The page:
So you’ve made your New Year’s Resolution to really hit the gym hard and shed those extra pounds! It’s a fantastic idea if you can make it ‘work out’ for you, but far too often people who either aren’t experienced in physical training or are merely a bit rusty or simply don’t know their limits and “overdo it”. Very frequently as Empire Sports Physical Therapy and Rehabilitation have pointed out, “After a week or two of exercise, your back and knees are screaming at you! Because they weren’t ready to go from the couch to the “new you”.And many ‘Resolution-ers’ will make a simple, key mistake: rather than doing some mobility training first to limber up and make sure that your back and knees among other joints, the jump straight into strength training or some aggressive cardio and that creates some problems.
There are hundreds of articles out there that provide fantastic advice on how to ease yourself into gym training after a long period of relative inactivity. That isn’t what we’re going to focus on today. What we are going to look at is how you get back into the gym after you’ve managed to have a New Year’s Resolution ‘Oopsie’.
The typical injuries that are seen from someone resuming gym exercise after a long inactive period are injuries to the feet, back, ankles, and knees. And simply put, that’s how you join the 80% or so of people who have fallen off the wagon by February and don’t see the inside of a gym again for months (if at all) and contribute to what is known as “overtraining syndrome”
“One of the biggest mistakes people make is going all in on the first week of the year,” says Kris Cueva, CPT, master instructor at Burn 60 Studios in an interview with Shape.com who wrote,
“Being too committed to your New Year’s fitness resolutions can actually backfire and leadto overtraining syndrome, the result of too much training with too little rest.
Over training syndrome can cause you to start under performing, open the door to injury, and even have effects on your mood (hello, burnout). “It is almost impossible to maintain an extreme switch, and you’ll be back to where you started before the first month is over,” says Cueva. “When you overdo your workout schedules by either signing up for too many classes or struggling through a run when your body is actually exhausted, you chip away at your mental resolve.”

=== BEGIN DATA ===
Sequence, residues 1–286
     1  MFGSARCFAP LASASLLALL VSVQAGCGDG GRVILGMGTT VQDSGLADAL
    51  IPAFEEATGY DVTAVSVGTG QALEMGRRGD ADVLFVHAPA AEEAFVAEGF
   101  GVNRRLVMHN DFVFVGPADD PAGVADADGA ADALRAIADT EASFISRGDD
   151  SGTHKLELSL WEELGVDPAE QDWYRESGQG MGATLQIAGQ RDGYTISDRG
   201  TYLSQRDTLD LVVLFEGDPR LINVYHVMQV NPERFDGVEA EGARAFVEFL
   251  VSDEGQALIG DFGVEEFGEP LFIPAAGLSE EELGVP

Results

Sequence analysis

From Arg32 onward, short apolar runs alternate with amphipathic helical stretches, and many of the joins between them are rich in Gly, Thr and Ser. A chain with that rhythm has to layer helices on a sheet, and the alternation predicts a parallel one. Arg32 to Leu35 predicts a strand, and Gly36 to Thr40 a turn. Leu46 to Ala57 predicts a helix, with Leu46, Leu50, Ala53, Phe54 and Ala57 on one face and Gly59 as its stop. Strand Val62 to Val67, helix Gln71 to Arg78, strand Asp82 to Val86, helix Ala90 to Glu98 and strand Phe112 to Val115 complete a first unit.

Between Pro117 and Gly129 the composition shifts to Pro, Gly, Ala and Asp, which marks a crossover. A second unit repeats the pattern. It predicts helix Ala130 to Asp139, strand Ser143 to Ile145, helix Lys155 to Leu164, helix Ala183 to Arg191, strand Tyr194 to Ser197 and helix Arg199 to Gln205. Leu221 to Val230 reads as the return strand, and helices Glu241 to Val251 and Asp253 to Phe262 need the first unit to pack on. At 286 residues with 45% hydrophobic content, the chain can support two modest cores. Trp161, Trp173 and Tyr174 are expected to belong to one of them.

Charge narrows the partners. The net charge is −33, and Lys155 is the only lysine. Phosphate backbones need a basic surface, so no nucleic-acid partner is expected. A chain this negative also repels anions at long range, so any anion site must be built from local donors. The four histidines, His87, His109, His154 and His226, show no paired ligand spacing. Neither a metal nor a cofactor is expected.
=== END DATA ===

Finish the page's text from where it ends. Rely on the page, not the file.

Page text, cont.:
Treatment Once You’re Hurt
Some training injuries to the neck, back, feet and joints may require Interventional pain management to get you back into action. These can range from steroid injection to control pain or Peripheral Joint Injection and even Peripheral Joint Radiofrequency Ablation.
Regenerative medicine such as Platelet Rich Plasma may also be an option for treating training related injuries such as Torn Rotator Cuff, (Rotator cuff injuries are extremely common and only increase with age. A tear can occur as a result of a single traumatic injury or due to a repetitive motion.) Achilles Tendon Rupture, (Your Achilles tendon is a strong fibrous tendon that connects your calf muscles to your ankle, it can tear completely or partially due to repeated use or traumatic injury and usually will tear about 2.5 inches above the heel, a section that can be prone to tears due to poor blood flow which PRP can help to address.) and Tendonitis, or Tendinosis (Tennis Elbow, Golfer’s Elbow ,etc. a painful condition which occurs when tendons in the elbow are overloaded through repetitive motion of the wrist and/or arms.)
One of the most important things you can do for your long term health is DON’T GIVE UP.Chronic conditions like Rheumatoid Arthritis can be managed and quality of life can be improved with exercises like low-impact cardio, yoga, Tai Chi or water therapy under your physician’s supervision to gradually return you.
Summa Pain Care and Dr. Michael Pannozzo are experts in Physical Medicine and Rehabilitation techniques. Furthermore, they are specifically trained in Musculo skeletal physiology and treatment of Sports injuries as well as training injuries. Dr. Pannozzo completed a Physical Medicine & Rehabilitation residency at The Ohio State University Medical Center, one of the 10 Best training programs for the field.
Find your nearest Summa Pain Care location in Peoria, Phoenix or North Scottsdale today and don’t put this off any longer. Unaddressed pain generally doesn’t improve, and the benefits of getting back into the gym and exercising far outweigh the costs.Call our Phoenix location at 623.580.4357 , you can reach Peoria at 623.776.8686 or contact us in North Scottsdale at 480.786.1771.
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